The Utah Olympic Park was buzzing with excitement as athletes from across the nation flew for national titles in ski jumping and nordic combined.
Before getting into Saturday's jumping competition, the nordic combined skiers went head to head in a mass start race up the Utah Olympic Park road on roller skis. The mass start format, which is slowly being introduced to the World Cup circuit, flips the order of nordic combined. Taylor Fletcher (Steamboat Springs, Colo.) crossed the finish line first followed by Jared Shumate (Park City, Utah) and Stephen Schumann (Park City, Utah). This meant that Fletcher went into today’s ski jumping competition with a sizeable lead on Jared Shumate and his other teammates.
On the women’s side, Annika Malacinski (Steamboat Springs, Colo.) won Friday night’s race ahead of Tess Arnone (Steamboat Springs, Colo.). Though she would head into Saturday’s jump with an advantage, she still needed to fend off Tess Arnone on the jump hill for the title.
On the jump hill, Grant Andrews and Annika Malacinski proved to be the best jumpers in the nordic combined event. Andrews flew 92.5 meters while Malacinski flew 70 meters. Malacinski started the sport of nordic combined just under two years ago. Saturday she won her first national championship.
However, Malacinski is already looking forward. “First I want to better my technique, work on flying, and get faster at skiing,” she says. All of this is with one specific goal in mind. “The end goal is the Olympics,” she says. In five days Malacinski will head to Europe for a training camp, eager to keep improving at the torrid rate she has since starting the sport just two years ago.
While Malacinski’s long jump was enough to cement her title, Grant Andrew’s impressive jump couldn’t quite catapult him into the lead over Fletcher- though it was an exciting effort. Fletcher now has four national titles and continues to set the standard for the nordic combined team. “I’m getting older so it’s nice to show that I can still beat up on the younger guys a bit,” says Fletcher laughing. When asked if he was worried about any of his younger teammates he says, “I was definitely a little worried about Jared, he’s been progressing really well and Grant has been putting in good jumps.”
In the end, Fletcher’s speed on the course still keeps him unrivaled. Now Fletcher and the rest of the nordic combined team will take some time to recover before the Norwegian team arrives in Park City for a joint training camp. This will give the American athletes some exposure to the top competitors in the sport including World Champion Jarl Magnus Riiber.
In the ski jumping event, we saw some very close competition. After the first round, Kevin Bickner (Wauconda, Ill) and Nina Lussi (Lake Placid, N.Y.) were the leaders with 99 and 88.5 meter jumps respectively. Lussi went into the second round with a comfortable 10-point lead over Anna Hoffman (Madison, WI). Hoffman has had somewhat of a breakthrough summer posting career-best results so far. She continued that trend Saturday improving her second jump to 85.5 meters, not enough to oust Lussi but enough to land on her first-ever national championship podium.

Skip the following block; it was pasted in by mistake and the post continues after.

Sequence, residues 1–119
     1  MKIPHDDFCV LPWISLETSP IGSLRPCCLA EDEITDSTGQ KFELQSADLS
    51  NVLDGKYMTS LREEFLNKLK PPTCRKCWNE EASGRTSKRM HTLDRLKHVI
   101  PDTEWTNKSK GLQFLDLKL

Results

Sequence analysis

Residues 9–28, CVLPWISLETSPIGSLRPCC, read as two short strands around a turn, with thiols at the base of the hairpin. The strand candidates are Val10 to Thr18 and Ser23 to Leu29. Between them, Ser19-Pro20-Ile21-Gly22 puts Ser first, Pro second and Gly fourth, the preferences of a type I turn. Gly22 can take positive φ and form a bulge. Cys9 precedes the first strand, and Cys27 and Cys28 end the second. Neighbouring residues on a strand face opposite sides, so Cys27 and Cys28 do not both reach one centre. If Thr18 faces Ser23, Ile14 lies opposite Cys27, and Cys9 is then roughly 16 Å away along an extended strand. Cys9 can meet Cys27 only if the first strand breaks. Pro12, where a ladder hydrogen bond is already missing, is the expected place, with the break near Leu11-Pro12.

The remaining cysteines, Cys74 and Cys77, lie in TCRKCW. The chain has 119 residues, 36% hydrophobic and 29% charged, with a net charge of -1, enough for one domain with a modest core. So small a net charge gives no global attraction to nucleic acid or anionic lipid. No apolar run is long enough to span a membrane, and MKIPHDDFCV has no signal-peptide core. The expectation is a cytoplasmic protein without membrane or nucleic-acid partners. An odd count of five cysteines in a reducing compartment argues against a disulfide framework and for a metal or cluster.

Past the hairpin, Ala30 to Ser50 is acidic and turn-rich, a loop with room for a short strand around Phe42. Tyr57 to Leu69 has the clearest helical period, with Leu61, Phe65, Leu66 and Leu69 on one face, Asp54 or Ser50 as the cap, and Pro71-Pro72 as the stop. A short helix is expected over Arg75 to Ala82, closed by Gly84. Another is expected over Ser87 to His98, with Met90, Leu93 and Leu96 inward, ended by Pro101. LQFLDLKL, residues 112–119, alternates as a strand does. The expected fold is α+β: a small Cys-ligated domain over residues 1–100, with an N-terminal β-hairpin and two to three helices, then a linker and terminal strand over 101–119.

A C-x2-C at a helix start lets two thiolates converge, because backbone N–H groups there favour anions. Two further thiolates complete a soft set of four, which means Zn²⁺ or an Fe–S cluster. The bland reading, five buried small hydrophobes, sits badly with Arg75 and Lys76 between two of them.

This was Lussi’s third national title in ski jumping but, Saturday was extra special for her. The last time Lussi competed on this hill in Park City was during the 2018 Olympic Trials when she blew her knee out “I figured since I’ve been training on this hill the last few weeks, that I had put that behind me. Though the other day, I tweaked my knee a bit.” This definitely turned national championships into a mental battle for Lussi. “In the end, I had to have a little self-talk and I said to myself that I was going to jump.” Lussi’s then had two very solid jumps in today’s competition. She raised her skis above her head in the outrun and pumped her arms in celebration- smiling to the crowd. “I took it and went with it,” says Lussi.
Bickner headed into the second round with Casey Larson (Barrington, Ill.) and Decker Dean (Steamboat Springs, Colo.) seven and nine points behind. Consistency is key so Bickner by no means had things locked up. That is until he stomped down a 100-meter jump in the second round. When asked what it feels like to land at 100-meters Bickner says, “It’s not the most comfortable thing but it’s definitely a ton of fun.”
Bickner now has three national titles next to his name. This one was special though after a year where he claims there were some struggles. “I’ve had to fix a lot of things this summer, it’s been a lot of work,” says Bickner. The season is incredibly long and we are only in the middle of summer, however, progress is always celebrated. “Coming out and winning this title shows that I’m headed in the right direction,” says Bickner. He hopes to keep things moving in that direction as he flies off to Europe next week to compete in a few Summer Grand Prix events.
Men’s Nordic Combined
Taylor Fletcher (Steamboat Springs, Colo.)
Grant Andrews (Steamboat Springs, Colo.)
Stephen Schumann (Park City, Ut)
Women’s Nordic Combined
Annika Malacinski (Steamboat Springs, Colo.)
Tess Arnone (Steamboat Springs, Colo.)
Men’s Ski Jumping
Kevin Bickner (Wauconda, Ill.)
Casey Larson (Barrington, Ill.
Decker Dean (Steamboat Springs, Colo.)
Women’s Ski Jumping
Nina Lussi (Lake Placid, N.Y.)
Anna Hoffman (Madison, Wis.)
Annika Belshaw (Steamboat Springs, Colo)